Legionella Water Temperature Testing: the benefits of regular checks

If you are an employer or a person such as a landlord who is responsible for a building, then you have a legal duty to control the risk of legionella

This is because legionella is a water-borne bacterium that poses a serious threat to health by causing Legionnaires' disease, a type of pneumonia that can be fatal. 

Hence you must comply with safety regulations relating to legionella. According to the Health and Safety Executive in the UK, these apply when a premise is:

 Controlled in connection with a trade, business or other undertaking where water is stored or used, and where there is a means of creating and transmitting breathable water droplets...

Since most water systems can create microscopic droplets in the air (via taps, showers, air conditioning, etc.) you should carry out legionella water testing.

Why is water temperature testing so important?

Legionella bacteria can survive within a certain temperature range, which is generally between 20C degrees and 50C degrees. Legionella it's the most virulent at around 37.5C degrees (roughly the temperature of a human body) where it can multiply. 

Water hygiene expert Joe Finn of Remote Tech said: "Legionella needs certain conditions to thrive, so if you carry out frequent temperature checks, you can accurately assess the risk of a problem.

"This is vital because Legionellosis (a term for infections caused by legionella, including Legionnaires' disease) can be deadly, particularly among the elderly, or for people with health issues."

How regularly should you check water temperatures for legionella?

Legionella can multiply at an extremely fast rate. In some cases it can grow exponentially by the millions in a single day. This is most likely to happen when water is left in a still state, for example in pipes that have not been used for 24 hours or more. 

Hence, to have a truly effective monitoring for risk of legionella it is advisable to carry out water temperature checks around the clock. This can be expensive and inconvenient, if it involves regular site visits by an expert. 

One solution to this problem is remote monitoring. Technology experts at Remote Tech have developed a smart sensor that makes use of 'Internet of Things' technology to keep a building safe.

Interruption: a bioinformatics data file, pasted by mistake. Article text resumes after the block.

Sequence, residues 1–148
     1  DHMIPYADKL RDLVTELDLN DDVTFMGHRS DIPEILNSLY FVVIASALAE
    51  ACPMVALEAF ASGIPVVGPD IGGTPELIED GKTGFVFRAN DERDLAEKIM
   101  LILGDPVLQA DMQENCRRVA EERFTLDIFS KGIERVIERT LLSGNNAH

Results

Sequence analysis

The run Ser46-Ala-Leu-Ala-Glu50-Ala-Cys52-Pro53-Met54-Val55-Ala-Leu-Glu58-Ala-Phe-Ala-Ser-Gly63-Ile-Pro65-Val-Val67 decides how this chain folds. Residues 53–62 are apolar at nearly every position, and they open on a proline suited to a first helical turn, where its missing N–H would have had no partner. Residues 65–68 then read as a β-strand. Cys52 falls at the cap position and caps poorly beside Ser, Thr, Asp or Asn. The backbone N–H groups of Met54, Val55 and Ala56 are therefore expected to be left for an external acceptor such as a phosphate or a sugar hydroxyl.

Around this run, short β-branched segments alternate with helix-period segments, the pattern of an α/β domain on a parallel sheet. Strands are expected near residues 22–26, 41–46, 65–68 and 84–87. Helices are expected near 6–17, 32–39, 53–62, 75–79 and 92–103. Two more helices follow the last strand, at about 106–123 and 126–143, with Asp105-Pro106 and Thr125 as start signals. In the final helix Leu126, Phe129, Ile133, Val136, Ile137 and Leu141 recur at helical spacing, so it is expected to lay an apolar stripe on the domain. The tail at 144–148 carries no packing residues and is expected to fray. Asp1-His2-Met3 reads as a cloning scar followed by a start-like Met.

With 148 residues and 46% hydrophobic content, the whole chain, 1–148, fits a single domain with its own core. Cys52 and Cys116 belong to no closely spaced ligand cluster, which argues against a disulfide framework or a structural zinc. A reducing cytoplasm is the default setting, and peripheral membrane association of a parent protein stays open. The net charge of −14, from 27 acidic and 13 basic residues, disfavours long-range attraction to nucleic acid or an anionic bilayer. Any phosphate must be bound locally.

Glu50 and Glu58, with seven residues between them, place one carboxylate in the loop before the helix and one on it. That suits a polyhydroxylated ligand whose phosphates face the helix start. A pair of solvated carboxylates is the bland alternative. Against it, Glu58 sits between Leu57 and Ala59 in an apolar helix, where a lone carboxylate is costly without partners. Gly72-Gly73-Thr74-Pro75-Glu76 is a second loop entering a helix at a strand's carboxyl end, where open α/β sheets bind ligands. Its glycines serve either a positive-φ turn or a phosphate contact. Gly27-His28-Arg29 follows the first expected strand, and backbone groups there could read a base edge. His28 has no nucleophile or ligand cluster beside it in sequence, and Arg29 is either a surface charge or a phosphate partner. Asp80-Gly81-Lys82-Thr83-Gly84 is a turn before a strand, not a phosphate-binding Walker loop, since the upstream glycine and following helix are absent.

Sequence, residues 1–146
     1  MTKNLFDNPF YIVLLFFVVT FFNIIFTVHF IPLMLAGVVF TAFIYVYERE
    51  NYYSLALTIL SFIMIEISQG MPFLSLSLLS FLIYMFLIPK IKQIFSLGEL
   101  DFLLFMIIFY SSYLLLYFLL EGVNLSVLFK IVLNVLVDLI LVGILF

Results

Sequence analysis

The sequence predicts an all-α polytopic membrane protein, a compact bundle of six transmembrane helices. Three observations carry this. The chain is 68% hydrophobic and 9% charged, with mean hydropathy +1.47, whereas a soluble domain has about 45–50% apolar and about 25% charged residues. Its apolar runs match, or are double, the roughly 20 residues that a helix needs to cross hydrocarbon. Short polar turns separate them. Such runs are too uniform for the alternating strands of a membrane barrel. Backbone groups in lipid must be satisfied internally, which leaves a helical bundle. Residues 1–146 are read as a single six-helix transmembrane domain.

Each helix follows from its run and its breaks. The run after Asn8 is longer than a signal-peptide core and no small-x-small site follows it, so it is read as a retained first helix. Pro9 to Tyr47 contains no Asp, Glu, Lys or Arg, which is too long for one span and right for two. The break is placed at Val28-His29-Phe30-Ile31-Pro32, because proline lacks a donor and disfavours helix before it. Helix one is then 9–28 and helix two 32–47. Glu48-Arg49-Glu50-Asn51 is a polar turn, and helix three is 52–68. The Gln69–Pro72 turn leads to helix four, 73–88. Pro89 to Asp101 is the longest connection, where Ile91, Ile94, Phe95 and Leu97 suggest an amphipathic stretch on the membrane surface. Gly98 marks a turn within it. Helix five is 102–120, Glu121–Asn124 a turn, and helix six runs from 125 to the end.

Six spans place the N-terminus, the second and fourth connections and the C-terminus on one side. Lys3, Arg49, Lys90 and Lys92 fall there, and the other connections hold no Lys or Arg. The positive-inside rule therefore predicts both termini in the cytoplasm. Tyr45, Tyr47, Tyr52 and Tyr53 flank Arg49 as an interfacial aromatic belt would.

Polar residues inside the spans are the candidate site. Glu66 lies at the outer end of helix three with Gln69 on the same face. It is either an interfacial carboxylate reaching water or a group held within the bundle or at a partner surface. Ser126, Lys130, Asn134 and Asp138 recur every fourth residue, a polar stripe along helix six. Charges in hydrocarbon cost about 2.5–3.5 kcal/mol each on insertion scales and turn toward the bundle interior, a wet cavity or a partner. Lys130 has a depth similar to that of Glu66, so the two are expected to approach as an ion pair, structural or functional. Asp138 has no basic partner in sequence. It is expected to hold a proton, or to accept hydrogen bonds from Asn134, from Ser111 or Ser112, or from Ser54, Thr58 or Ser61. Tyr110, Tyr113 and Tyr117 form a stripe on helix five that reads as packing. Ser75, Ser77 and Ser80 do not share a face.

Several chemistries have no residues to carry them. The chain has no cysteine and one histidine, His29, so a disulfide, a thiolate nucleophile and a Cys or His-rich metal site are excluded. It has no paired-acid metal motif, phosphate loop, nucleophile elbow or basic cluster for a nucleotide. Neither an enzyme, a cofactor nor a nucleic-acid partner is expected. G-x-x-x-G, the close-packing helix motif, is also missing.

Florin Mangu, CEO of Remote Tech, said: "When temperatures are normal, our legionella sensor sends a test result to a server every three hours. However, in between these times the sensor remains on intelligent stand-by. If there are any inconsistencies, the sensor fully awakes and sends an immediate alert."

Landlords can access data from the sensor and seek professional advice in the event of a problem.

Meanwhile, the threat from legionella is on the increase in many parts of the world, due to factors such as climate change.

“What we are seeing now is that temperatures are increasing even in cold water, so Legionella bacteria also increase,” said Professor Martin Exner, Director of the Institute for Hygiene and Public Health at University Clinic Bonn, in a recent interview.

Q - Who is most at risk for Legionnaires' disease?

A - The risk of legionella infection increases over the age of 45. Among those most susceptible are people with chronic respiratory disease, diabetes, and problems with the lungs, heart, kidneys or immune system. Smokers or heavy drinkers are also likely to fall into a similar risk category.

Q - What are the symptoms of legionella?

Legionella symptoms are initially similar to severe flu. According to the National Health Service  [https://www.nhs.uk/conditions/legionnaires-disease/], symptoms of Legionnaires' disease are initially a bad cough that does not go away. You may not be able to breathe properly, suffer from severe chest pains, have a high body temperature, and feel hot or shivery. If you experience these symptoms you are advised to call the NHS on 111. 

Q - How do you get Legionella?

You can become infected with legionella if it gets into your lungs by breathing in tiny droplets or mists of water. Legionnaires' disease is often caught in places like hotels, hospitals or offices where the bacteria have got into the water supply. This is why it is so vital to carry our temperature checks, with hot water ideally being stored above 50C degrees, and cold water below 20C degrees.

Q - Where is Legionnaires' disease most common?

Legionnaires' disease can be found anywhere that water may exist in a still state for a period of time, such as in spa pools and hot tubs, air conditioning systems, showers, taps and toilets. If, for example, a toilet is located in a part of a building that is not used very often, then the risk may be heightened.

* For more information about the Remote Tech smart sensor, which records water temperatures every three hours and also monitors for any changes in between, go to https://remote-tech.co.uk/s1

https://www.hse.gov.uk/legionnaires/what-is.htm

https://www.euractiv.com/section/health-consumers/news/climate-change-leads-to-spread-of-pneumonia-causing-bacteria-expert-says/

Useful links right above.

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